Enterprise data safety during the Great Resignation
71% of IT leaders have said that the ‘Great Resignation’ has increased security risks in their organizations, according to a survey of 2,000 employees in UK and US businesses, from Tessian.
Data also revealed that 45% of IT leaders have already seen incidents of data exfiltration increase in the last year, as people took data when they left their jobs. In fact, 29% employees admitted to having taken data with them when they quit.
Employees in marketing teams are most likely to take data with them when leaving their job, with 63% of respondents in this department admitting to doing so. This was followed by HR (37%) and IT teams (37%).
When asked why they took the data when they left the company, the top reason – cited by 58% of workers – was that the information would help them in their new job. 53% said that because they worked on the document, they believed the information belonged to them, while 44% said they took the data to share it with their new employer.
Security risks brought by the Great Resignation
With 55% of respondents revealing that they’re thinking about leaving their jobs in 2022, and with 39% of workers currently working their notice or actively looking for a new job in the next six months, the figures illustrate the pressure IT and security teams are under to keep company data safe during the Great Resignation.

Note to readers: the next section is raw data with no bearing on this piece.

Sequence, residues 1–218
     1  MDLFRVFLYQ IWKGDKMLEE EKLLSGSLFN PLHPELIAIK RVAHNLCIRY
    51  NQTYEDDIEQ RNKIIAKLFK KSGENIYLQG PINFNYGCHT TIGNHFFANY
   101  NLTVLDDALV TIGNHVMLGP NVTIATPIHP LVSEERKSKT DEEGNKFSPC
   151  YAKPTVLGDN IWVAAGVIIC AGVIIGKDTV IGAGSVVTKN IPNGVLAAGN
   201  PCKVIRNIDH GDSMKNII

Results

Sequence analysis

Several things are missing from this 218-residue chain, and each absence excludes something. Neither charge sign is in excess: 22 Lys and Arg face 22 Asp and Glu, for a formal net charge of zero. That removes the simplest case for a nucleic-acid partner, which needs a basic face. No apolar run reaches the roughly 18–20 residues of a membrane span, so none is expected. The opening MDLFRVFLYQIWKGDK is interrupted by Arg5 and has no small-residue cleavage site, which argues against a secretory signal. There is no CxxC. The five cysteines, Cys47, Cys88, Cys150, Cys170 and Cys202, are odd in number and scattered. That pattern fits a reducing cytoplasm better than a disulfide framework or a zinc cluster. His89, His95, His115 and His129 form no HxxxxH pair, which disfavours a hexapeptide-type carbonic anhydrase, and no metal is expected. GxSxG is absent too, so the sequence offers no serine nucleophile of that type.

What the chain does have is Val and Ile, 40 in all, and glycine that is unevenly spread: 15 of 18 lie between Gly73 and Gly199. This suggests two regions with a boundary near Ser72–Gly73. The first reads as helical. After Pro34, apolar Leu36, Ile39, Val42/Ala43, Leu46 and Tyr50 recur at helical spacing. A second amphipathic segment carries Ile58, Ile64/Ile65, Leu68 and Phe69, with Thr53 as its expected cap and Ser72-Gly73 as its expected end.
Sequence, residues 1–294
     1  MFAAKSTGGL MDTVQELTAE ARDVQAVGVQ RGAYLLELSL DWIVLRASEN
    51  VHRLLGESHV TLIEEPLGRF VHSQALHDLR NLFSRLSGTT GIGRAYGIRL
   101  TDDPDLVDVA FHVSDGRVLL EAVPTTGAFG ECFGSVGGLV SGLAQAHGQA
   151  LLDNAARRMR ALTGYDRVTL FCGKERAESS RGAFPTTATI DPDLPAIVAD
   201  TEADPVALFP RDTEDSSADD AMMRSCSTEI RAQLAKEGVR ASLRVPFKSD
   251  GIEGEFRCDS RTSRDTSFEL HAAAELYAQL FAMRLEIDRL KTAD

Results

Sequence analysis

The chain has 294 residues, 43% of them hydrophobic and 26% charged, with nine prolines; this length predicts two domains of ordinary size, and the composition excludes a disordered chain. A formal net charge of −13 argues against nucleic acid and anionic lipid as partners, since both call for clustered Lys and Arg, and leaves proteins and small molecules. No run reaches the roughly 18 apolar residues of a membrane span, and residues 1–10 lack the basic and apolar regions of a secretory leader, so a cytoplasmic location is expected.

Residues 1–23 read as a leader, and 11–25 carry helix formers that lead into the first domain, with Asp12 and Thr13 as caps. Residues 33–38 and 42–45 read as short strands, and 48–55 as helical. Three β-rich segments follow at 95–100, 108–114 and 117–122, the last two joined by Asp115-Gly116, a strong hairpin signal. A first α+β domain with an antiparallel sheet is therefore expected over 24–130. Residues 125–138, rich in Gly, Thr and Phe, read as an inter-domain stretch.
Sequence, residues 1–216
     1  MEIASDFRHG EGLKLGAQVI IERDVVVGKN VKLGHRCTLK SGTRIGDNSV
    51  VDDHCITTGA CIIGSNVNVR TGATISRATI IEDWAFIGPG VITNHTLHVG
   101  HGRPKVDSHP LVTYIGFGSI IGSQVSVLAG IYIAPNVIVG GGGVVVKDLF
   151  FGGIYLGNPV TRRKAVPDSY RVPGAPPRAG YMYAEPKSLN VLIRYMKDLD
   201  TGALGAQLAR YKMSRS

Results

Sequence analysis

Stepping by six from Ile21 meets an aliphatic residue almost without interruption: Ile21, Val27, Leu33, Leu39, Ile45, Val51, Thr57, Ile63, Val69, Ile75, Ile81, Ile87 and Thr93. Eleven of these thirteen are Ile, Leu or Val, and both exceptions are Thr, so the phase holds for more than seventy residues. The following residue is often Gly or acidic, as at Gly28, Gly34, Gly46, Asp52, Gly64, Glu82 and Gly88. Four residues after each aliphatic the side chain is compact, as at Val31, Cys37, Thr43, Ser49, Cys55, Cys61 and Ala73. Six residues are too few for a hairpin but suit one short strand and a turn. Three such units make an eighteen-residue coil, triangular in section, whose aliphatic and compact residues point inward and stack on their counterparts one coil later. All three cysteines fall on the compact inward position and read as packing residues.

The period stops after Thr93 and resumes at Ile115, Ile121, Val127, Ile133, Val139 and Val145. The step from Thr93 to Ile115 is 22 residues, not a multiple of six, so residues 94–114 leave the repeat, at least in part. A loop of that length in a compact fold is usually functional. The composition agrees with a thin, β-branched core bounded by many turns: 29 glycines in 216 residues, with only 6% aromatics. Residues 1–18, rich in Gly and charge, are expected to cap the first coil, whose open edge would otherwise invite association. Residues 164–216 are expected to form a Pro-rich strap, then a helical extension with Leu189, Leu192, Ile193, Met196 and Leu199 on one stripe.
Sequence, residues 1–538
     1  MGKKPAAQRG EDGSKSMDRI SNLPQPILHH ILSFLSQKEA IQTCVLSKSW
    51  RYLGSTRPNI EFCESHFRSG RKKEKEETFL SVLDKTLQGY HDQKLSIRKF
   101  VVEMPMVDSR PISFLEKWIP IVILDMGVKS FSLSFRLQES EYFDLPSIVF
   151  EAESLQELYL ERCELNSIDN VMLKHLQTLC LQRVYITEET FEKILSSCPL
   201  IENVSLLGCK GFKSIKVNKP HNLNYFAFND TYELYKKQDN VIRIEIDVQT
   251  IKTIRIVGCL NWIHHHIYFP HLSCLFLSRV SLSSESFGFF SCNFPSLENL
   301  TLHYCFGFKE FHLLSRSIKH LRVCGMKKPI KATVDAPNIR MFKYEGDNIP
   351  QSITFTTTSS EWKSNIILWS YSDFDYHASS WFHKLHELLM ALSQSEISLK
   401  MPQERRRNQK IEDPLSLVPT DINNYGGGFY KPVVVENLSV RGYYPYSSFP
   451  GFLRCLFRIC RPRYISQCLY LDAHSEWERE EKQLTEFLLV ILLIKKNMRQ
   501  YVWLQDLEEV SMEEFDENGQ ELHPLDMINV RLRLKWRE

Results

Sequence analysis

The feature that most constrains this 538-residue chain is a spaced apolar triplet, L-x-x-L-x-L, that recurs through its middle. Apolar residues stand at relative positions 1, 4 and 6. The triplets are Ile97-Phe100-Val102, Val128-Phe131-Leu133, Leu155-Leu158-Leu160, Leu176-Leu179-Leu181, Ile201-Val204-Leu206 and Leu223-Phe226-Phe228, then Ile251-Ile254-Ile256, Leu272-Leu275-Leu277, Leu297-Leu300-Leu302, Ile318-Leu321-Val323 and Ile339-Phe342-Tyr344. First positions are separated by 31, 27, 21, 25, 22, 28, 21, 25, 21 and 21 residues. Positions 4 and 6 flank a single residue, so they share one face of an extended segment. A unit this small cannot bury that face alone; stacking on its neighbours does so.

Josh Yavor, CISO at Tessian comments: “It’s a rather common occurrence for employees in certain roles and teams to take data when they quit their job. While some people do take documents with malicious intent, many don’t even realise that what they are doing is wrong. Organizations have a duty to clearly communicate expectations regarding data ownership, and we need to recognise where there might be a breakdown in communication which has led to a cultural acceptance of employees taking documents when they leave.
“The Great Resignation, and the sharp increase in employee turnover, has exposed an opportunity for security and business leaders to consider a more effective way of addressing insider risk. It comes down to building better security cultures, gaining greater visibility into data loss threats, and defining and communicating expectations around data sharing to employees – both company-wide and at departmental level. Being proactive in setting the right policies and expectations is a key step before investing in preventative controls.”